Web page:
Raymie McKerrow, in discussing six principles of critical rhetoric, names two that I particularly find interesting. Principle four centers on the fact that naming things is a way of interpreting them (105). There is some truth to this. I usually try to find humble words to say what I'm discussing. I could call a college a school, a university, or an institution, and I choose to call it a school more often than not. There is some degree of interpretation in the word I choose. If I call it a university, then I am differentiating it from primary schools, secondary schools, and other types of colleges. I decide on "school" because I prefer to connect college education to education in general. I was learning before I came to college and will continue to do so after graduation. "School" implies that continuity for me. This principle can be extended to countless other matters where interpreting a word implies what that concept means to the speaker.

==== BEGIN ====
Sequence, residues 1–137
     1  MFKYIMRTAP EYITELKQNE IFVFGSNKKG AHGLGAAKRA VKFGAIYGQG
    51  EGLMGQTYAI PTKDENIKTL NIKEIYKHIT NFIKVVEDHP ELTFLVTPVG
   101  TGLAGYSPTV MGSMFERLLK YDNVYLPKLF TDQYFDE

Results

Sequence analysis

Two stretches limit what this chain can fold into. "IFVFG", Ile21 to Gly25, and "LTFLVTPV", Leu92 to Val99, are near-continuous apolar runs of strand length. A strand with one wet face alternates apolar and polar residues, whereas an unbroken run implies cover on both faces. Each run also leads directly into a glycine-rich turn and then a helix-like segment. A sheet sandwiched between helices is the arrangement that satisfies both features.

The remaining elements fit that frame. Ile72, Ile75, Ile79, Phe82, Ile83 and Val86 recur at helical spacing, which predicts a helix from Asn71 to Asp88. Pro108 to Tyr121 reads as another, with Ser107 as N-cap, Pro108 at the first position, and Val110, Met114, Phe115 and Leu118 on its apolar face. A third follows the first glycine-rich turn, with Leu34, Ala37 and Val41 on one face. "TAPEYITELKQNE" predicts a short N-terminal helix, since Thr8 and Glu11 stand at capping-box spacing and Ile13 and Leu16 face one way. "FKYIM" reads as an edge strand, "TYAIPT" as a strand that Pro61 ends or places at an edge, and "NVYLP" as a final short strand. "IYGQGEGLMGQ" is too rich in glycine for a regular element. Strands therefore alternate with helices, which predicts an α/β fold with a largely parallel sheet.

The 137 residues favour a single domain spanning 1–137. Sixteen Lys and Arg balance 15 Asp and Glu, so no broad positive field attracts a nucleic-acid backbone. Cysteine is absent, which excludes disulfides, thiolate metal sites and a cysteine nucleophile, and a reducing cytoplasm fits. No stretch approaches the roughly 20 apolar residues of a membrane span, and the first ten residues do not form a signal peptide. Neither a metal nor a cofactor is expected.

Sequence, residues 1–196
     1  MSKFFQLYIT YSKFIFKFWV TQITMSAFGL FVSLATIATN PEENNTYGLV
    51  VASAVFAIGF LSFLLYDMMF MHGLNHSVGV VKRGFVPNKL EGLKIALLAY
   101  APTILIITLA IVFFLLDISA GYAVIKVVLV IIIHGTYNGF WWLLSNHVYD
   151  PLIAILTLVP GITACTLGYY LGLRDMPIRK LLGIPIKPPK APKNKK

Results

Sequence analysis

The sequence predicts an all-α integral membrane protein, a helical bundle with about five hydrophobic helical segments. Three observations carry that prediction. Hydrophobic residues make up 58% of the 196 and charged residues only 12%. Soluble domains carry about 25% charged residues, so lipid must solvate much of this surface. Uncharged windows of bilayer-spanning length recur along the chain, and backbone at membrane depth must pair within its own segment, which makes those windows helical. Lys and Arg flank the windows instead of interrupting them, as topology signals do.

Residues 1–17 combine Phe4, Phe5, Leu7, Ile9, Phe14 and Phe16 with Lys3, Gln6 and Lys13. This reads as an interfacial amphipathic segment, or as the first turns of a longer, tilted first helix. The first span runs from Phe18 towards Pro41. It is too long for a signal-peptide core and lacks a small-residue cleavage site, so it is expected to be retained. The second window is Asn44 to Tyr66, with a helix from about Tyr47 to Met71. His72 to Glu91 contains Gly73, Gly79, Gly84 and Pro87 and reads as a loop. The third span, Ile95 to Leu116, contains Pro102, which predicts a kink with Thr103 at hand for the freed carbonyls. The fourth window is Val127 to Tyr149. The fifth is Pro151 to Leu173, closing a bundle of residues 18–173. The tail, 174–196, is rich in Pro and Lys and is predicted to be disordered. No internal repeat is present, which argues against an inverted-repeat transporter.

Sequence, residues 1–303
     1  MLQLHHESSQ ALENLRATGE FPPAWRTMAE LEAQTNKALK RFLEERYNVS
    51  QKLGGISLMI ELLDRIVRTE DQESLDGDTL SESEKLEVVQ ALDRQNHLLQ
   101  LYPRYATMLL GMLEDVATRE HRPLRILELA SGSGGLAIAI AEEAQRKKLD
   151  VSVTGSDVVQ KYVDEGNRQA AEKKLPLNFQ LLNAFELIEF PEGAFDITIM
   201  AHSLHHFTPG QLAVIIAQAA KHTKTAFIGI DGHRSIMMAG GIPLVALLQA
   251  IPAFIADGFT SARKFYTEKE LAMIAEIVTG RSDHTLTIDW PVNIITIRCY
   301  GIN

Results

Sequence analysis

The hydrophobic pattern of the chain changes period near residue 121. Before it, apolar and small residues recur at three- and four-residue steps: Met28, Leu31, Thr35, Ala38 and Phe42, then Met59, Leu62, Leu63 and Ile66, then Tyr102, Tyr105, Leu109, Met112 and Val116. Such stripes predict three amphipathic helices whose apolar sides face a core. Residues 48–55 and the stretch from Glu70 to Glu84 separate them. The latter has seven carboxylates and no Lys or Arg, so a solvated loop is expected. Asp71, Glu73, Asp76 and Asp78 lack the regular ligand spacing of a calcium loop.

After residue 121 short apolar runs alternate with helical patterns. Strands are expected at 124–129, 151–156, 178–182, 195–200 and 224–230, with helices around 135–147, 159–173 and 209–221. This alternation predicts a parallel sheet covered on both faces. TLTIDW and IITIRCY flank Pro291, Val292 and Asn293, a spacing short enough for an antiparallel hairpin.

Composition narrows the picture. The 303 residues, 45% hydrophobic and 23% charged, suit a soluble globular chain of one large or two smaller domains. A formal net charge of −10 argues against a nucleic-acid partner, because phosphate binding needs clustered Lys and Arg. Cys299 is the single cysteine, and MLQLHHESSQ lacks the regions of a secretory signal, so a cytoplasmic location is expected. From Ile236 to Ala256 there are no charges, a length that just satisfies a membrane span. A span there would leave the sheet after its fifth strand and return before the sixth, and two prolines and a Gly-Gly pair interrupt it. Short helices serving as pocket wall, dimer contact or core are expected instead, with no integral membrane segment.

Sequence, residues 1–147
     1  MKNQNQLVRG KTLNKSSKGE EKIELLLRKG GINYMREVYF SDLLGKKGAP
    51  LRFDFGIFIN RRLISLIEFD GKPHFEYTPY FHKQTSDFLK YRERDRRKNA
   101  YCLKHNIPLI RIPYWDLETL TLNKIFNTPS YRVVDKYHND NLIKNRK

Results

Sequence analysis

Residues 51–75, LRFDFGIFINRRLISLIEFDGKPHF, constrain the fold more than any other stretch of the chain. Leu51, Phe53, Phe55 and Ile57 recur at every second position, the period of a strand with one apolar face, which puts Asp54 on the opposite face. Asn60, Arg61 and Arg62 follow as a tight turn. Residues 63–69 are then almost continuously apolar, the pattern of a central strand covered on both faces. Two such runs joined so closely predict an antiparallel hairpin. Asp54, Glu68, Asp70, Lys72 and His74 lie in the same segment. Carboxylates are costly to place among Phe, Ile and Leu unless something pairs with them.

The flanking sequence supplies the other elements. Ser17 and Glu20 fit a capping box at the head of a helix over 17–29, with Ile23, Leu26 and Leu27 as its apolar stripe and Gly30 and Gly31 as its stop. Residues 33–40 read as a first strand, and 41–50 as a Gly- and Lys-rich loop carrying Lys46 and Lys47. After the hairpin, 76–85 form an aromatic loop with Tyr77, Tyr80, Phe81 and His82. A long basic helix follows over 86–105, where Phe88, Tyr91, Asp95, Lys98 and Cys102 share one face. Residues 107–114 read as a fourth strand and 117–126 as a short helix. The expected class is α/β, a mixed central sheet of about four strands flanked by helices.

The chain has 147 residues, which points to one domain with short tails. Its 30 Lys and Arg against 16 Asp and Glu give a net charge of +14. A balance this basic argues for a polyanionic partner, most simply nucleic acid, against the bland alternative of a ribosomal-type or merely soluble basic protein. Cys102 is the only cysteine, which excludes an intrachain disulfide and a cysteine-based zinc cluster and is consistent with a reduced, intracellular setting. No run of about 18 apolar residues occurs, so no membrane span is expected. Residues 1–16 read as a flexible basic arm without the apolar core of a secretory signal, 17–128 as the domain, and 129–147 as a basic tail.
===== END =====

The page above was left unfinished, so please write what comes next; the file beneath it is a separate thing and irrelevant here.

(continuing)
Principle six concerns how "absence is as important as presence in understanding and evaluation symbolic action" (107, emphasis in original). McKerrow relates this to the fact the prime TV is missing a variety of body types and races. This is problematic for countless reasons, the main one being that the U.S. population is diverse, and mainly featuring white people of average height and a specific type of physical appearance is not acknowledging the true reality of the range of individuals in this country. McKerrow implies that rhetoric can consist of what is not shown or not discussed, not just what is presented. I'm thinking of our previous discussion of women being excluded from the rhetorical canon. While I still think the present is more important than what's in the canon, I consider how in that case, what is absent is communicating something. And thus my hope for future discourse is that women and men would both be represented strongly.